Q:

What is the purpose of the elastic clause?

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Quick Answer

The elastic clause, also called the necessary and proper clause, was intended to provide Congress with the necessary means of passing laws in the best interest of the nation. It also helps to organize the government by giving Congress influence over other branches of government.

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Full Answer

The elastic clause was a subject of great debate prior to its ratification. Some members of Congress argued that it unfairly gave Congress unlimited powers, which defeated the purpose of the U.S. Constitution. Proponents of the bill argued that the elastic clause does not give Congress any more powers than already granted to it by the Constitution; rather, it defines them by putting into writing what was already implied.

The elastic clause was a way to make sure that Congress had the means to do what it had been charged to do through the Constitution. The clause was at the center of the debate between Thomas Jefferson and Alexander Hamilton about whether or not a national bank should be established when the United States was first formed. Jefferson argued that Congress did not have the constitutional right to establish a bank that would oversee all of the finances and debt for the nation. Hamilton argued that the elastic clause gave Congress that right.

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Related Questions

  • Q:

    How has the Elastic Clause been used?

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    The Annenberg Classroom states that the "elastic clause" of the U.S. Constitution gives Congress the power to create any laws required to carry out the responsibilities that are specifically assigned to Congress in Article I, Section 8 of that document. The clause, which comes at the end of that section, has been used several times since it was established, according to the University of Missouri-Kansas City School of Law.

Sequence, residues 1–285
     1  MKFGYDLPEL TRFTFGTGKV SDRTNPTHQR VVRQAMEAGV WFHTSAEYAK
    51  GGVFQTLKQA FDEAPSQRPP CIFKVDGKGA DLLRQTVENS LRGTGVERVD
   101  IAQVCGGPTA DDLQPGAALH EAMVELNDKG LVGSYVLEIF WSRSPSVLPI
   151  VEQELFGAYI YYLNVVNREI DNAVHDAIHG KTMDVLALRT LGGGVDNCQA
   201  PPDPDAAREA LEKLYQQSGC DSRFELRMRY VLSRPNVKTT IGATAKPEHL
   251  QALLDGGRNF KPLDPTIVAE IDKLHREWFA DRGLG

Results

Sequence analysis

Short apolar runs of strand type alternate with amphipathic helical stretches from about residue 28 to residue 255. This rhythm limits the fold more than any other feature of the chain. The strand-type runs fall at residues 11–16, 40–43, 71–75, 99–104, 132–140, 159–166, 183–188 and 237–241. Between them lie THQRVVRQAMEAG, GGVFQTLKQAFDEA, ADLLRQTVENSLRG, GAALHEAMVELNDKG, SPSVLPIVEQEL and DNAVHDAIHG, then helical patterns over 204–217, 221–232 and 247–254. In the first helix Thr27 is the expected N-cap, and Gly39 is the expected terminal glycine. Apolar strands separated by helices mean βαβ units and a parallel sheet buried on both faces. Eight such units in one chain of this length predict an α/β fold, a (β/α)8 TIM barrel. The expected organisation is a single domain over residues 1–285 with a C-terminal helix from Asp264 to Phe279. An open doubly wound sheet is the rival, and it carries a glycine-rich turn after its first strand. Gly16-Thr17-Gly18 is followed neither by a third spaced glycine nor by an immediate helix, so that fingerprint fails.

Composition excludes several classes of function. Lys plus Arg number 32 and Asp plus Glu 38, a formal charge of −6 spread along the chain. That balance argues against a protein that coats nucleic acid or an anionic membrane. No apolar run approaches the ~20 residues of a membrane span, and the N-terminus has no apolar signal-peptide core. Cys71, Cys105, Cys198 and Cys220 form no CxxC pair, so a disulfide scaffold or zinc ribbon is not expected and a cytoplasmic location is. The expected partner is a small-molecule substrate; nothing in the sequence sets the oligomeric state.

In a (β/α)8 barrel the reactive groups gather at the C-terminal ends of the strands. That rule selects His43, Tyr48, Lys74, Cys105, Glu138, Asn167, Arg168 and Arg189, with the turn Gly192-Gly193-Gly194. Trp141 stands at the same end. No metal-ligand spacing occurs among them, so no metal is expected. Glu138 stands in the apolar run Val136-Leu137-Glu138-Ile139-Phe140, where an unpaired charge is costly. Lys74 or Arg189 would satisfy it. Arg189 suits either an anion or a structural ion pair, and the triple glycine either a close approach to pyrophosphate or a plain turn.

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  • Q:

    What are four examples of the Elastic Clause?

    A:

    Four examples of the Elastic Clause are Congress creating taxes, declaring war, issuing money and balancing states' rights with the power of the federal government. The Elastic Clause, also called the Necessary and Proper Clause, grants Congress the ability to perform several duties essential to the operation of the United States, including having oversight in issues of domestic and international affairs. The Elastic Clause gives Congress essential responsibilities, such as creating money, which impacts citizens and businesses on a daily basis.

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  • Q:

    What does the Elastic Clause give Congress the power to do?

    A:

    The Elastic Clause gives the United States Congress the power to create any laws it deems are necessary for the country. The clause is also known as the Necessary and Proper Clause. It is located in Article I, Section 8 of the Constitution.

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  • Q:

    What are other names for the Elastic Clause?

    A:

    The Elastic Clause is also called the Necessary and Proper Cause, the Sweeping Clause, the Coefficient Clause or the Basket Clause. This clause is one of the most powerful clauses in the U.S. Constitution.

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